The information provided below is general in nature and should not be relied upon legal advice. You should call 03 5445 1000 and speak to a lawyer at OFRM about your particular circumstances.

What happens to my super when I die?

What happens to my super when I die?

For many people, superannuation may be one of your largest assets and as difficult as it may be to think about death, you should not overlook your superannuation when making your will.

Upon death, if your super has not yet been realised, your superannuation will include the possibility of a payment of a death benefit which usually includes your super balance and any insurance benefits that you may be entitled to under the terms and conditions of your super fund.

You may be surprised to know that it is actually up to the Trustee of your super fund to determine whether there is a death benefit payable and who is to receive the death benefit. That is because your super is actually money held on trust by the trustee of the superannuation fund. The outcome is not necessarily in accordance with your Will or wishes.

However, most super funds allow you to nominate who you would like to receive any death benefit payable, and these nominations can be both binding and non-binding.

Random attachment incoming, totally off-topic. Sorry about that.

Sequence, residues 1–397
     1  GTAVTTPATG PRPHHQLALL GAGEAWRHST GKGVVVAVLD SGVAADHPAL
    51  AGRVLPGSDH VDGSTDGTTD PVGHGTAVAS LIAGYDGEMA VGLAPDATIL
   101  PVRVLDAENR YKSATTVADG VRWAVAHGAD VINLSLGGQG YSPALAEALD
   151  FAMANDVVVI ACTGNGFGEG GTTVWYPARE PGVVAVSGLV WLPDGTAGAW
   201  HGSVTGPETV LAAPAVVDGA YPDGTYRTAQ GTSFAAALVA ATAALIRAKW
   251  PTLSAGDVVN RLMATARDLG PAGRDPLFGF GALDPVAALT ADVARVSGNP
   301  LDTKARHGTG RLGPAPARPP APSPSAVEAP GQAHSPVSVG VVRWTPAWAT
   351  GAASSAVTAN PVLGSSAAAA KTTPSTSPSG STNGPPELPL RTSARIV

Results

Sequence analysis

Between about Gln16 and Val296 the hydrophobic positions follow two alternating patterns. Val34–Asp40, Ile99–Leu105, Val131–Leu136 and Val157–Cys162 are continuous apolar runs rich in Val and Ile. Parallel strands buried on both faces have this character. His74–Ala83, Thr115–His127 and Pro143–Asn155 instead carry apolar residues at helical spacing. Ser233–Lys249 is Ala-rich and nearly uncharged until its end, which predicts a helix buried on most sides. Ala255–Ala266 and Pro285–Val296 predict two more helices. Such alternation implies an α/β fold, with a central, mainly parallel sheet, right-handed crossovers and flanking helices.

A binding nomination ensures your death benefit goes to the beneficiary you specify. This usually has to be updated every 3 years. You will need to complete a binding death benefit nomination form, which can be obtained directly from your superannuation fund.

A non-binding nomination is only persuasive on the trustee of your super fund, under the rules of the super trust fund and the super regulations; it is taken into consideration by the fund when deciding who to pay your death benefit to.

What happens if I have not made a nomination?

When determining who receives your death benefit if you have not made a nomination, the Trustee looks at who are your dependants. These include firstly your spouse or partner, then your children and lastly anyone in an “interdependent relationship” with you. An interdependent relationship is defined as someone who lives with you, is financially dependent on you and shares a close personal relationship with you.

If you do not have any dependants and have not made a nomination, then your super will be paid to your Estate and therefore distributed in accordance with your wishes in your Will.

An important consideration is that there may be different tax effects depending upon who the payment is made to, therefore it is essential to make sure you get advice from us to make sure your nomination is best for you and your family’s circumstances. Call 03 5445 1000.